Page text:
Sunday we did a new thing. We rode the S-Tog.
Which is just the friendly local train system with a name that makes me giggle for no good reason. S-Tog. Tee hee.
Luckily since we already had the Metro figured out the S-Tog wasn't too difficult. Theo even got to ride for free thanks to his Eurail pass.
We rode it for about 10 minutes and then found ourself out in a more rural area taking a local train. This train was really not much more than a bus and the stop was not quite bustling.
We got off at our final destination and found an absolutely beautiful little suburb. There was a huge park off to one side with a lake where kids were swimming, canoing, and fishing. It was like a scene out of one of the Dutch genre paintings we'd seen.
Unfortunately the scene was missing directions. While my guidebook was very complimentary about the Frilandsmuseet it was not eager to divulge the location. Nor were there any maps of the area, or signs. We walked in one direction but saw that area was mostly residential, and turned around and went the other direction. At the next corner, thankfully, there was a big sign pointing right that said Frilandsmuseet. Good thing too, because the map there was totally useless.
Frilandsmuseet is an Open Air museum that actually started over 100 years ago. There are lots and lots of Farms from various parts of Denmark including the Faroe islands. You can walk inside most of them. This is where we discovered that the Danish of a few hundred years ago were short.
Okay, but there's short, and then there is SHORT. Here, *I* am having to duck my massive 5' 2" frame in order to get through the door.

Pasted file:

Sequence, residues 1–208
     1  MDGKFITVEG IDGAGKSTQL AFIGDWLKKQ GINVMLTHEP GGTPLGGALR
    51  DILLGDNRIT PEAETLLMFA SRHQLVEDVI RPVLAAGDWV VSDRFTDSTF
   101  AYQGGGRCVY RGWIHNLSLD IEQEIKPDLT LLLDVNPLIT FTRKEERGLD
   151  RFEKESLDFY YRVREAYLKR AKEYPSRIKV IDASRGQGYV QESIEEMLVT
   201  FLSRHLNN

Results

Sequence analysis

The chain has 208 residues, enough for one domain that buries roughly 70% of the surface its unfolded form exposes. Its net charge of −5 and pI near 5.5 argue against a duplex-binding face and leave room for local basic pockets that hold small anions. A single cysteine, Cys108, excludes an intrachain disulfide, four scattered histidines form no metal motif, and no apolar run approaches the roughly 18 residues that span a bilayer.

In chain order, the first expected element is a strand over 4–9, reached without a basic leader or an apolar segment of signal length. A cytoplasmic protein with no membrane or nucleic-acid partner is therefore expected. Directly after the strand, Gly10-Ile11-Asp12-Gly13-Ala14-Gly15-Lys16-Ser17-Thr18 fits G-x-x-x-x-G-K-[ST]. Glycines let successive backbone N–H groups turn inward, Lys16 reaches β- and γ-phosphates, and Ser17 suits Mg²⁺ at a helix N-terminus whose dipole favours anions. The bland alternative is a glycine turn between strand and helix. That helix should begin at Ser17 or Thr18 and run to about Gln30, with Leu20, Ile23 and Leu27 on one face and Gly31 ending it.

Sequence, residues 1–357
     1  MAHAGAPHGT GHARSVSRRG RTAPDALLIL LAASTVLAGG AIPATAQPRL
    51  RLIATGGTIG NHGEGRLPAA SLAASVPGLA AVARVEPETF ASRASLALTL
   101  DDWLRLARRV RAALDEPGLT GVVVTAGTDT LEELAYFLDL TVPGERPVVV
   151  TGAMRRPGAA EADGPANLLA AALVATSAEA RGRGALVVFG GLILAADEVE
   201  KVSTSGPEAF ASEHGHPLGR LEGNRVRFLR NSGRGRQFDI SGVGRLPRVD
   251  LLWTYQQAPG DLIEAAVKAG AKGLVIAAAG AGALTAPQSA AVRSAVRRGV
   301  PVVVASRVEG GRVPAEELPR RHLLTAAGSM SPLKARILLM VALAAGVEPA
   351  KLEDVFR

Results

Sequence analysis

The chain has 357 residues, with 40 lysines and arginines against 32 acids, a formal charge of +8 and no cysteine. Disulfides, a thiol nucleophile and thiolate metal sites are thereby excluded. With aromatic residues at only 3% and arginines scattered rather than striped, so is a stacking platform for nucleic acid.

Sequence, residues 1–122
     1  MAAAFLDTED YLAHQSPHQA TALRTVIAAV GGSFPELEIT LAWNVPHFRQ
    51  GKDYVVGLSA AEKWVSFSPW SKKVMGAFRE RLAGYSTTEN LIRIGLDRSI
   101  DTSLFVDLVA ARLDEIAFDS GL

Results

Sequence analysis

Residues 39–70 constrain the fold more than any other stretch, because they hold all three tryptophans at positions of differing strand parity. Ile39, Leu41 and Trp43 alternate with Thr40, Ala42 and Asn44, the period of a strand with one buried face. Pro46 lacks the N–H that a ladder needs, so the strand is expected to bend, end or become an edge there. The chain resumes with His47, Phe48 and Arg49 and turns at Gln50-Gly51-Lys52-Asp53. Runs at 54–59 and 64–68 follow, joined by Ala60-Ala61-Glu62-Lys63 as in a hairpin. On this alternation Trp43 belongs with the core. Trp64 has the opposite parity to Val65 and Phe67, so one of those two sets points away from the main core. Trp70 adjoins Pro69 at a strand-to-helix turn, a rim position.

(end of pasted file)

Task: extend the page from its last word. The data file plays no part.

Yeah. It didn't get any better.
We really enjoyed ourselves. It was a nice break away from the busy, people filled city of Copenhagen into a patchwork of the past. Some of the houses were quite spread out and you could imagine this was somewhat like how it might have actually been.
The roofs on some of these places were amazing and made me think both about The Little House On The Prarie (actually, the one where they go to some house that is almost underground -- I forget what it was called) and the Hobbit Houses from Lord of the Rings.
This one actually had succulents growing right above the door. And I loved these houses from the Faroe Islands. I was bummed that the interiors were closed for repairs.
I imagine it is these thick, grassy roots that helped keep the interiors so cool because it was HOT HOT HOT out.
There were a few more modern examples, like this Co-Op from the turn of the century.
There were a few people around dressed in period outfits, and also some animals which I assumed were also in period dress.
After wandering around the museet for a few hours we were both feeling tired and sluggish, so we headed back. We'd been planning on making an earlier day anyway, since we'd been out so late the night before and Theo had some things he wanted to get done on my computer.
Back at our B&B we spent a long time video chatting with Mom for mother's day, while I tried to recover from a blistering headache brought on by too much walking in the sun with too little water. This seems to happen to me at least once every trip. After far too many hours I felt better, and we went to bed at a reasonable hour.